However, in the case of the Chicu Cabinet it doesn’t apply at all. When we are talking about a government that Igor Dodon and the Socialist Party themselves accused of dictatorial tendencies and usurpation, the former ministers and deputies in that government should not be able to hide from responsibility under the pretense of technocracy. Chicu & co were at least accessories in many of the PDM’s abuses that Dodon and his Socialists formally condemned. For example, the Filip Cabinet left a 4 billion lei hole in the state budget before it was ousted in June. And Chicu’s complicity as finance minister in the squandering of taxpayers’ money on Democrats’ pre-election projects denies the notion that he acted in technically sound ways.
The haste to make Chicu prime minister, without even feigning a couple of days of negotiations and headhunting, casts doubt on the sincerity of Dodon’s statements, repeated just a day before the appointment, about the willingness to keep the coalition with ACUM going and about not burning bridges. In less than 24 hours, Igor Dodon found a candidate, that candidate found candidates for each minister position and they managed to produce a program for government. In less than 24 hours!
All the President’s men
Here is a quick presentation of some of the Chicu Government’s members: Minister of Economy and Infrastructure Anatol Usatîi was a state secretary under the Democrats and the implementer of the waste of money and cement that represented the Good Roads Program. Viorica Dumbrăveanu, ex-deputy minister and secretary at the Ministry of Health and Social Assistance under the Democrats, now gets the minister’s job. Both Usatîi and Dumbrăveanu were spotted campaigning for PDM ahead of the February elections. Finance Minister Sergiu Pușcuță was head of the Tax Service both under Communists and Democrats. The Justice Ministry will be headed by the very non-partisan Fadei Nagacevschi, previously counsel to PSRM president Zinaida Greceanîi. Victor Gaiciuc is back as Defense Minister, a job he held in the first Voronin term. Education Minister Corneliu Popovici was deputy director of the Academy of Public Administration (also during Voronin’s presidency), and then vice president of DAAC Hermes, the company owned by Vasili Chirtoca, number 2 on the Socialists’ list in the Chisinau City Council. The previous job held by six members of the new Cabinet, including Chicu, is adviser to President Dodon. Everything looks very “technocratic” and “apolitical”, doesn't it?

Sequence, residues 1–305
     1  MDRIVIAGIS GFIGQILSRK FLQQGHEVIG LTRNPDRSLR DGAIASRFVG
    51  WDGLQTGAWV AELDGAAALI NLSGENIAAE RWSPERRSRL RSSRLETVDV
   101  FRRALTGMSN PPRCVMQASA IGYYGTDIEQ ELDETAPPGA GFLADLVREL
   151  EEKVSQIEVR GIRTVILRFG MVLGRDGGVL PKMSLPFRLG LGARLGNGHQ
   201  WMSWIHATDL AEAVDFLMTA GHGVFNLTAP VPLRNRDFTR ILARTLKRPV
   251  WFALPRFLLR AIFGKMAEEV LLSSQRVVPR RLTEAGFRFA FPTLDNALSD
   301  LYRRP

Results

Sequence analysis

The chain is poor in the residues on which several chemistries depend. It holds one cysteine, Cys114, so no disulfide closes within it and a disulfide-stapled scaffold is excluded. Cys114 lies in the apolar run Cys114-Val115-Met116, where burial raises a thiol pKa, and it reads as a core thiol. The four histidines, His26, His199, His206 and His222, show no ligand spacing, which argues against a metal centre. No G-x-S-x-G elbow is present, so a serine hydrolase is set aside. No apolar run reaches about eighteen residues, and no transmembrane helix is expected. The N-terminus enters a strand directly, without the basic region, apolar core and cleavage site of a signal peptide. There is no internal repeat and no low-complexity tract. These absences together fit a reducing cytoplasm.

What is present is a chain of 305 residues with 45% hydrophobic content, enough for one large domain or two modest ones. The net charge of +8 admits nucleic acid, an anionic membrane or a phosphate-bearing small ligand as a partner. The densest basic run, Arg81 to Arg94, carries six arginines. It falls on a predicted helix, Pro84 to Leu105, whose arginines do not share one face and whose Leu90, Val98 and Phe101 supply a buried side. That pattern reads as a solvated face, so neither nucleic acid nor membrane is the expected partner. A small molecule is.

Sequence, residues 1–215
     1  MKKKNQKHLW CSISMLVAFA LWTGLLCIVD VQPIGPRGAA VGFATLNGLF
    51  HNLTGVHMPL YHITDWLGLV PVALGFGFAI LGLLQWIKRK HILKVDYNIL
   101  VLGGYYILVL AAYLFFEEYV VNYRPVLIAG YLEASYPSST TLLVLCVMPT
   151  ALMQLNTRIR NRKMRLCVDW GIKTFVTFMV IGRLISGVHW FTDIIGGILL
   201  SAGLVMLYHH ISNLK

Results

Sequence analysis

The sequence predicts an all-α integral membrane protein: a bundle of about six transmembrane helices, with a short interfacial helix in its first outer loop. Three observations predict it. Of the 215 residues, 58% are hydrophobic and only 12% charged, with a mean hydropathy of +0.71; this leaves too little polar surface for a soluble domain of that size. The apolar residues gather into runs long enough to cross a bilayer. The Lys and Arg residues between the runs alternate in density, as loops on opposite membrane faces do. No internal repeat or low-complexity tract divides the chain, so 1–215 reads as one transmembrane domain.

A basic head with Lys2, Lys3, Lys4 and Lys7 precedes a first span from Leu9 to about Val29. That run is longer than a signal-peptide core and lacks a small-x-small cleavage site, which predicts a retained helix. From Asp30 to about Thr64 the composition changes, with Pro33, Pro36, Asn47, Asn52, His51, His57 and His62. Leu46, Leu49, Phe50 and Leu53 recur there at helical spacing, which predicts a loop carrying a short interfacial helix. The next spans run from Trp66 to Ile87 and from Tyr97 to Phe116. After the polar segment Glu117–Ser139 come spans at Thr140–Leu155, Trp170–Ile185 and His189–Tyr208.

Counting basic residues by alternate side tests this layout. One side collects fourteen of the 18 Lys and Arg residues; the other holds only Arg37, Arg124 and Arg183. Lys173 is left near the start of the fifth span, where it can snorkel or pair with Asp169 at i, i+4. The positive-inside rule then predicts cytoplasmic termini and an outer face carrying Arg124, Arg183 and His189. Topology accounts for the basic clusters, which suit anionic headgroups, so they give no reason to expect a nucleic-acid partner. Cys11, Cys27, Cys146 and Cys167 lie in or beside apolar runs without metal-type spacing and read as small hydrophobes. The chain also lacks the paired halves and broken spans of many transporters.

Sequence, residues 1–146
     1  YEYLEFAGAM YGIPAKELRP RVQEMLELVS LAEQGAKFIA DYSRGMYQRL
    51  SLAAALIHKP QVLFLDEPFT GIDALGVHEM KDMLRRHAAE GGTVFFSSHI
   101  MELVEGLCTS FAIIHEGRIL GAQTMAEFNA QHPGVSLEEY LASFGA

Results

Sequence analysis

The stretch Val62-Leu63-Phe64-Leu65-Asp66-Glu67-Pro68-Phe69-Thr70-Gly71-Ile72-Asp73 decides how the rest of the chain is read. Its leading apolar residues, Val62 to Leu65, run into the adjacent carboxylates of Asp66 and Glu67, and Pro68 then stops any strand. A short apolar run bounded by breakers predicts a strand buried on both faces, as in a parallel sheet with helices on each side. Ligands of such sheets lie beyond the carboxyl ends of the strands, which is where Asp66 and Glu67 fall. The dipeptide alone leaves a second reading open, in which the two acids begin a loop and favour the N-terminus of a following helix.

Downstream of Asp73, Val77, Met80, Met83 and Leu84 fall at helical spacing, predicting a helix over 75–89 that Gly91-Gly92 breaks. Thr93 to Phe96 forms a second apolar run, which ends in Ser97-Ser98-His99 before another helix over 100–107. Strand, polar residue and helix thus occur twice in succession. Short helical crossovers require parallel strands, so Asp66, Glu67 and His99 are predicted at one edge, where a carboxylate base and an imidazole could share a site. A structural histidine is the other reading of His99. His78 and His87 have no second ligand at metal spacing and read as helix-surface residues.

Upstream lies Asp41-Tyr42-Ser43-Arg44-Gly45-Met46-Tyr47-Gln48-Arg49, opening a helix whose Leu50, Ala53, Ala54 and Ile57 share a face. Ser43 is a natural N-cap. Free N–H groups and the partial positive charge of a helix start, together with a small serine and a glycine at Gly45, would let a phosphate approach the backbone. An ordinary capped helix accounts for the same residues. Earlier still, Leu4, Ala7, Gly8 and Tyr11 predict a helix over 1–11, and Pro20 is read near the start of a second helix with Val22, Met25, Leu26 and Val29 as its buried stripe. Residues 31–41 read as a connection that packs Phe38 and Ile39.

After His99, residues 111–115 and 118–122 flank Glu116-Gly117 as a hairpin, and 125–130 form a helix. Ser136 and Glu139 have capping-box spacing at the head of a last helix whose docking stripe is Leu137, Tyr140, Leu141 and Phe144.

Instead of conclusion
Igor Dodon’s penchant for inconsistency and duality has been the subject of more than one article here at sic! Whereas during the PDM government the President was more like a small barking dog that could be removed whenever the Speaker had to sign a law which Dodon wouldn’t, the Socialists’ rise to power doesn’t seem to have added responsibility for him. Yet again, he is backtracking on his previous statements and commitments. He has ignored the Declaration on the Captured State and, while in talks with ACUM for the future of the coalition, devised a government with the help of the reformed Filip and Candu.